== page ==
Subject: [ Sunday Gazette-Mail ] Story:John Brady Kiesling
February 26, 2006
John Brady Kiesling
Welcome to the Monkey House, Mr. President
When scientists removed the dominant males from the huge cage at the Yerkes National Primate Research Center in Georgia, the little band of pigtailed macaques under study there slid slowly into civil war.
A similar thing happened in 2003 when the U.S. military removed Iraq’s dominant males. Dominance hierarchies are a basic organizing principle for many species, including ours. Those hierarchies are easy for an outsider to subvert, but impossible for an outsider to impose.
When I toured the West Bank in July 2004 with a group of former U.S. diplomats, the similarities to Yerkes were uncomfortable. Israel was building a seven-meter-high concrete wall to supplement the chain-link fences and barbed wire. Scientific observation took place round-the-clock: electronic surveillance and a massive network of Shinbet officers and informers. From time to time the government of Israel would conduct an experiment by removing some dominant Palestinian male with a missile strike.
The Palestine being created by Israeli policy may have been ungovernable even then. Too many angry humans were crowded into too-small cages. The Palestinian leadership, aging secular revolutionaries from Beirut and Tunis, was balanced uneasily atop a traditional society of tribal elders.
The peace deal with Israel meant no younger leader could match the legitimacy Arafat had built up over decades of self-sacrificial violence. Arafat did not waste his hoarded legitimacy trying to govern. His “alpha male” followers embezzled or extorted the money to buy their children a ticket out of the cage. Their corruption undermined, perhaps fatally, the habits of deference to authority that keep a society functioning.
The United States and European Union tried to legitimize Abu Mazen’s Palestinian Authority with cash for salaries, public works, and basic security. Israel was an unhelpful partner in this effort, and it failed.
Meanwhile, Hamas had evolved to fill an ecological niche Arafat and Fatah had left vacant. Hamas was religious, because Islam was the major untapped source of political legitimacy. It was well-organized, because discipline and forethought were its only competitive advantage in a game dominated by competing clans. It was virtuous, because Arafat withheld from Fatah’s rivals any good opportunities for corruption. And it was violent, because status in any dominance hierarchy depends on proven willingness to avenge insults, and daily insults were a fact of Palestinian life. A cruel environment taught Hamas to be cruel but capable, a thrift-shop version of the Israeli army across the wall.
Terrorism is local politics not policy, a tactic of the weak rather than an ideology of the strong. When Greece’s 17N terrorist group murdered American officials, it was not to defend the Greek people against U.S. “imperialism” but rather to endow a threadbare political program with Robin Hood glamour. When Hamas murdered Israelis, it was to show that, unlike the Palestinian Authority, it had its eye firmly fixed on the duty of governments: “to establish justice, insure domestic tranquility, provide for the common defense, promote the general welfare, and secure the blessings of liberty to ourselves and our posterity.” Once Arafat died, Hamas had no credible rival in the political competition that mattered. The January 2006 parliamentary elections formalized Hamas’s transition from terrorist organization to ruling party. Hamas would play by democratic rules, because such rules now favored it.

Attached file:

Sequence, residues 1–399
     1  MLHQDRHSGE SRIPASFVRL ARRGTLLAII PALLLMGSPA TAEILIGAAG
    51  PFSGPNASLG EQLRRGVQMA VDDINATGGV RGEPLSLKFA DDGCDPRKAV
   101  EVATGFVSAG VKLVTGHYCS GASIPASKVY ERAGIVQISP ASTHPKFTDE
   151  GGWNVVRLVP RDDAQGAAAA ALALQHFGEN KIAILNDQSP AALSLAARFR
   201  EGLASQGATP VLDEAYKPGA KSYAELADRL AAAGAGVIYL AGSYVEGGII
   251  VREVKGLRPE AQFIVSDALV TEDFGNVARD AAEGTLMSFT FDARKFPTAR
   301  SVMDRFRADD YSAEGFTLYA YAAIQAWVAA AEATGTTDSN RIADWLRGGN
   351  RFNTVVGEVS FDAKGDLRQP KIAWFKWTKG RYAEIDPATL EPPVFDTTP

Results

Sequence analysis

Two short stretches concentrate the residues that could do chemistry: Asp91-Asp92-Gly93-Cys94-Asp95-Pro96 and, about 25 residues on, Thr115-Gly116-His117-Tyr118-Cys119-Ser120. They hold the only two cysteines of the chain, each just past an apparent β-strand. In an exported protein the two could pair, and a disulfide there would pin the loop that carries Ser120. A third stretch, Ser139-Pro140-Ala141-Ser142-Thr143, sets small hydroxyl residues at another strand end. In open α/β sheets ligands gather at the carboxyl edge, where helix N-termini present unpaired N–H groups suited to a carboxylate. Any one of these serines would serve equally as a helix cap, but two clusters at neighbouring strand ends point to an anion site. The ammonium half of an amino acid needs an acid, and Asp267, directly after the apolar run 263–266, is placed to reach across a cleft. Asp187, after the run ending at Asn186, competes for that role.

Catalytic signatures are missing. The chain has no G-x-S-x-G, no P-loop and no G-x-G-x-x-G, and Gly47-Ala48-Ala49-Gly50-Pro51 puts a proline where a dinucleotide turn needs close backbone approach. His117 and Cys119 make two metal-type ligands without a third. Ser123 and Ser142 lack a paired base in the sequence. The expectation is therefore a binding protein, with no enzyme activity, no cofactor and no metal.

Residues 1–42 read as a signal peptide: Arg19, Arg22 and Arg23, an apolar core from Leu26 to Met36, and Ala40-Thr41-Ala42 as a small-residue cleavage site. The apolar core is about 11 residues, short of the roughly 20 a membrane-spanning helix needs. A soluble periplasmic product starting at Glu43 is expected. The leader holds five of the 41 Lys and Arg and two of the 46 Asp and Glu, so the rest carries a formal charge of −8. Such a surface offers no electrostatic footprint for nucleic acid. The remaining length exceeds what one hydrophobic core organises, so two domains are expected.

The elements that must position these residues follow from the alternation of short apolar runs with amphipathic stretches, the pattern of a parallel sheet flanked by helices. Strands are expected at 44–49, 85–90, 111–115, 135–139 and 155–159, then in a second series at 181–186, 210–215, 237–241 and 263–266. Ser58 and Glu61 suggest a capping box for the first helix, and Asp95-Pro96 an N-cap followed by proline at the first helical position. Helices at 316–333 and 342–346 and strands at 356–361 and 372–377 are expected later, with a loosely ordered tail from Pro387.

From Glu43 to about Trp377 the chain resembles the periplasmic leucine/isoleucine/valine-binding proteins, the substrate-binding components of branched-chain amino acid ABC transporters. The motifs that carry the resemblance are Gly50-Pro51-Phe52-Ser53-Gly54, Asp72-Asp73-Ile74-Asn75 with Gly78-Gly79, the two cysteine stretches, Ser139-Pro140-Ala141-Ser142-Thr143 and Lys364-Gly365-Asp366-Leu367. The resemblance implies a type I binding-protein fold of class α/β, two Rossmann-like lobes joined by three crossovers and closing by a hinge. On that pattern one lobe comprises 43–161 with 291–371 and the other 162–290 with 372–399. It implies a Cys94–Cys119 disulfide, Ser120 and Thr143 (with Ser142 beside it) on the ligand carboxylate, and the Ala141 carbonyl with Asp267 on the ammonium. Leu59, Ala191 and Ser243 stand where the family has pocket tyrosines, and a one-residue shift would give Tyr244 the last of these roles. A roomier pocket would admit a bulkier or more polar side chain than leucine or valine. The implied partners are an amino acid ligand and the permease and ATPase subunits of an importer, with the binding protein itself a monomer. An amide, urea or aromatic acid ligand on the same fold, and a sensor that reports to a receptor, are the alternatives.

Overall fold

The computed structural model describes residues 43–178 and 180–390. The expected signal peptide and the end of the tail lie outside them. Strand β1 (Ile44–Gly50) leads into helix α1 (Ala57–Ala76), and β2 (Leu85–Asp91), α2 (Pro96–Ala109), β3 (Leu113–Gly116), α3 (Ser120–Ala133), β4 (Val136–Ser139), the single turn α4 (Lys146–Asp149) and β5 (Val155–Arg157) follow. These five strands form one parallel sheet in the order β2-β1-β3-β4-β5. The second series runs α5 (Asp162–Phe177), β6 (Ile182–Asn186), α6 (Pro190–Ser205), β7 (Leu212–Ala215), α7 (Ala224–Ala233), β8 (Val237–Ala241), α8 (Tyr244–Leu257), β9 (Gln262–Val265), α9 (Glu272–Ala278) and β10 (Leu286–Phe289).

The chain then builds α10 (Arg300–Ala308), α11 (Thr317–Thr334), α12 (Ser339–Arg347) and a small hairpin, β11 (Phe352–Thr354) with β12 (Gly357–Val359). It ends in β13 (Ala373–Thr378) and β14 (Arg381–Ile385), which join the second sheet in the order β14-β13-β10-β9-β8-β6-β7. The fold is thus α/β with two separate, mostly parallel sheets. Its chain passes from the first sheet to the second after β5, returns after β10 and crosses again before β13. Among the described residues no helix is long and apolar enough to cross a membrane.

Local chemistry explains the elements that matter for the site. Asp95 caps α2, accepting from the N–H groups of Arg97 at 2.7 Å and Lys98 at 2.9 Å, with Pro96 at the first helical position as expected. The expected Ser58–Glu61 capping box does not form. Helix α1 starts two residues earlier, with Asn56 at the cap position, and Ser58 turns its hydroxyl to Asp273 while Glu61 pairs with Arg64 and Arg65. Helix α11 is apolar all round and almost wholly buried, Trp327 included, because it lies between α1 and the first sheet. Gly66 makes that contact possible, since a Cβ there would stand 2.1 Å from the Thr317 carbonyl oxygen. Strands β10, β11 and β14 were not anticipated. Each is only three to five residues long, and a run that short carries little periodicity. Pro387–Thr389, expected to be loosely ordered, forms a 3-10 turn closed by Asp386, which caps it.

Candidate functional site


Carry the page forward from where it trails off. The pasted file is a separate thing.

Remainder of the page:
Hamas is closer to today’s ideological mainstream than we care to admit. It is certainly not the first political party on the planet to win a democratic election by glorifying military operations and pandering to religious bigots. Democratic rules do not require Hamas to govern Palestine on the basis of its electoral platform. President Bush prudently ignores his murderous 2000 campaign promise to move the U.S. embassy to Jerusalem. Hamas will not destroy Israel in 2006 or ever. But it will not renounce that goal, not if it wishes to be obeyed by a million Palestinians who respected such bravado.
Palestinians are human beings not macaques. They aspire to rational calculation of personal and national self-interest. Hamas leaders know their victory in honest elections gives them perhaps a year to prove their fitness to govern. They are just as helpless as Fatah at the key legitimizing task of any dominance hierarchy, defending the tribe and its territory against predators. Israel made a point of humiliating the Palestinian Authority as its response to Hamas terror attacks. If Israel now strengthens Hamas’s rivals similarly, Hamas will return to suicidal violence. To commit its future to democratic rules, Hamas must find a braver, better Israeli partner than Abu Mazen had.
The election of Hamas is a scientific experiment. It tests President Bush’s theory that democratic evolution is an effective antidote to totalitarianism. His temptation is to intervene to ensure that Hamas will fail. However, for the results to be meaningful, Hamas needs an honest chance to govern.
The Palestinian people will then decide, through a free election four years from now, whether Islamic extremism is an evolutionary dead end. If the United States and Europe withhold the aid on which Palestinians depend for survival, they lose the leverage over Hamas to compel that free election. If so, this little experiment, like so many others on powerless fellow-primates, will have taught us nothing.
John Brady Kiesling resigned in protest as political counselor at the U.S. embassy in Athens in February 2003. His book “Diplomacy Lessons: Realism for an Unloved Superpower” will appear this summer. A version of this commentary first appeared in the Athens News.
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